You’ve eaten venison and heard amazing bowhunting stories, and you’re eager to start bowhunting! That’s great, but have you earned your hunter-education certificate?
If not, you probably can’t buy a bowhunting license unless you pass a hunter or bowhunter education course. These courses teach you about safety, ethics, wildlife, conservation, hunting tactics, hunting laws, shot placement, blood trailing, field care, and equipment needs. They help turn people of all ages into safe, responsible hunters.
Although the course content is similar in all states, each state wildlife agency has unique rules and requirements for earning a hunter-education certificate.
The International Hunter Education Association – USA is a professional organization affiliated with the Association of Fish and Wildlife Agencies. The IHEA works with all 50 state wildlife agencies to ensure course materials for hunter-education programs meet IHEA standards. However, states can create their own hunter-education requirements. The IHEA summarizes those requirements here.
Some states require students to pass a written test and field test, while other states require one or the other. For example, the Georgia Department of Natural Resources and New Mexico Department of Game and Fish require students to pass a written test, but the Utah Division of Wildlife Resources and Maryland Department of Natural Resources require students to pass a written test and complete a field day.
States also administer tests differently. Some let students complete their studies online, while others require in-person meetings and field days taught by qualified instructors or conservation wardens. Most states let students take the written portion online, but require they take the field test in person. Most states still offer classroom-based courses.
The Michigan Department of Natural Resources and other state agencies require prospective bowhunters to pass a bowhunter-education course in addition to a hunter-education course. These courses cover bowhunting-specific skills, and archery-specific regulations and equipment requirements.
Find your state wildlife agency’s website here to determine its hunter-education requirements. You can then decide how and when you’ll earn your hunter-education certificate.
Online Course Benefits
Online courses ensure everyone has access to hunter education. The courses are convenient and let students work at their own pace from home. They’re readily available for most U.S. citizens. According to the Congressional Sportsmen’s Foundation, 45 states offer hunter education online.
Online courses have been helpful during the COVID-19 pandemic. Some states changed how residents could earn their hunter-education certificate. The New York Department of Environmental Conservation, for example, waived the in-person field day. Students who got certified online could immediately buy a hunting license after passing the course.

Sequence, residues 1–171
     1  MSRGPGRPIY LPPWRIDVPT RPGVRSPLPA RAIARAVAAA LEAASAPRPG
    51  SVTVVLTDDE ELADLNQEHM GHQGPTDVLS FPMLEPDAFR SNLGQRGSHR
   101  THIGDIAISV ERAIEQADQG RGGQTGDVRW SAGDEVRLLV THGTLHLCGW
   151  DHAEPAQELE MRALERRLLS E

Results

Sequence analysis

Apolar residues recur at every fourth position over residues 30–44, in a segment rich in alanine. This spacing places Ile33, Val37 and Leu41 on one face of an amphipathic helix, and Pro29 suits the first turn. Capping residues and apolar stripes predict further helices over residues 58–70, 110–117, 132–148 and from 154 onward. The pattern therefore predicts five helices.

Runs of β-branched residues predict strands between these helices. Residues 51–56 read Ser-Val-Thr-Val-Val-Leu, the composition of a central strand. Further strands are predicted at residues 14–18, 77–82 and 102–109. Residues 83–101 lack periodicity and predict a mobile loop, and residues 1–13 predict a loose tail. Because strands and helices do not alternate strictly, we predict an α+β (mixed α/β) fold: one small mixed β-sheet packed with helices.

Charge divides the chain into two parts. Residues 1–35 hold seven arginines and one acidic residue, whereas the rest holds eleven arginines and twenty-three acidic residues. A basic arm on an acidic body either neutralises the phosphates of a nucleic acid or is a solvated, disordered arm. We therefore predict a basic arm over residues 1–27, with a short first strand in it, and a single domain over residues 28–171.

The Kentucky Department of Fish and Wildlife Resources canceled in-person classes and range days, and helped students get certified at home. Students could take a free online course, and submit a video of them working with a mentor to complete the program’s range requirements. A KDFWR staff member watched the video to determine if the student passed.
What to Expect in Online Courses
Online courses are self-guided and easy to follow because they’re broken into sections and topics. Expect the following:
– Options: As online classes become popular, students have more options. The Georgia DNR, for example,lets residents take the course through one of four providers, including Hunter-Ed.com, HunterEdCourse.com, BeASafeHunter.org, and HUNTERcourse.com. Each course is IHEA-approved, but offers different features. One group might use pictures and videos with narration and closed captions, while another might include animation, illustrations, and customer service and support. These options let students choose the course that best fits their learning style.
– Cost: Online courses are cost-effective. Course materials and the study guide are usually free, but students pay a small fee to take the online exam. Most tests cost $20 or $30. Courses overseen by the Georgia DNR, for example, range from $9.95 at BeASafeHunter.org, to $29 at HUNTERcourse.com; while the Hunter-Ed.com course is $28.95 and the HunterEdCourse.com is $13.
– Time commitment: Whether the courses are taught in classrooms or online, they take about eight to 10 hours. The final exam takes about an hour.
Click here to find your state wildlife agency’s website. Type “hunter education” into the search function to explore your options.